Modern-Day Human Rights Perspective:
International human rights laws shield individuals from racial separation, from torture and from authorized vanishings. Kalapani violated each and every right of the prisoners which was provided in the United Nations Human Rights by the UN General Assembly. The UN charter consists of several rights for the protection of human beings, it also consists rights for different categories one of which is the Rights of Prisoners. Some of the rights are as follows: –
1. All prisoners shall be treated with the respect due to their inherent dignity and value as human beings.
2. There shall be no discrimination on the grounds of race, colour, sex, language, religion, political or other opinion, national or social origin, property, birth or other status.
3. It is, however, desirable to respect the religious beliefs and cultural precepts of the group to which prisoners belong, whenever local conditions so require.
4. All prisoners shall have the right to take part in cultural activities and education aimed at the full development of the human personality.
5. Efforts addressed to the abolition of solitary confinement as a punishment, or to the restriction of its use, should be undertaken and encouraged.
6. Conditions shall be created enabling prisoners to undertake meaningful remunerated employment which will facilitate their reintegration into the country’s labour market and permit them to contribute to their own financial support and to that of their families.
7. Prisoners shall have access to the health services available in the country without discrimination on the grounds of their legal situation.
8. With the participation and help of the community and social institutions, and with due regard to the interests of victims, favourable conditions shall be created for the reintegration of the ex-prisoner into society under the best possible conditions.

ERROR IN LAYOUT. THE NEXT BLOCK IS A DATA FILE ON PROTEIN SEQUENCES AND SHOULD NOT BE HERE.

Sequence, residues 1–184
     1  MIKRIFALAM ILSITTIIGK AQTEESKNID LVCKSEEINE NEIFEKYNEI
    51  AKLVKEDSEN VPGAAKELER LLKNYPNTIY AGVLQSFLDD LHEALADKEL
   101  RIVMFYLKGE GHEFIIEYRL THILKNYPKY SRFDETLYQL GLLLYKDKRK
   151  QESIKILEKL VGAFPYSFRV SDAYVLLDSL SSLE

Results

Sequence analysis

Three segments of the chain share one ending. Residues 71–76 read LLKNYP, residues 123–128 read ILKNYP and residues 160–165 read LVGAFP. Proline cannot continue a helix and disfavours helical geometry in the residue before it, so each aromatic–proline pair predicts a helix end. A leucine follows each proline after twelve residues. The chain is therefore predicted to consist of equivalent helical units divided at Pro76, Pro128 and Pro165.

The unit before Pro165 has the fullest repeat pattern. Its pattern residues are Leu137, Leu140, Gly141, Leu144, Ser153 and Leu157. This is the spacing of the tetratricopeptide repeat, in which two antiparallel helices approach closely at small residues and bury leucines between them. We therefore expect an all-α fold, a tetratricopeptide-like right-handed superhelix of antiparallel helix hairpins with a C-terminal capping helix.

Kalapani After Independence:
Kalapani is presently considered a national memorial as declared by the then PM Morarji Desai on February 11, 1979. Today it remains as the testimony of barbarous persecution of the political prisoners and political dissidents of British India.
Two out of seven wings were shattered by tremors and subsequently, two other wings were decimated during World War II. Thus, just three wings are unblemished there. Out of these three wings, back of one wing and front of two wings are accessible to the general population.
While leaving India after its independence, the British wanted to make a separate nation on the Andaman Islands. But the arrangement couldn’t become a reality and the Andaman and Nicobar Islands turned into an indispensable part of India.
The Indian Government declared this jail as a National Monument and turned it into a tourist attraction in the region. A major part of this prison has been converted to a clinic, where treatments are free. In the primary complex, the life of the detainees and their hard work is shown through the clay models.
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Editor: Pratik Banerjee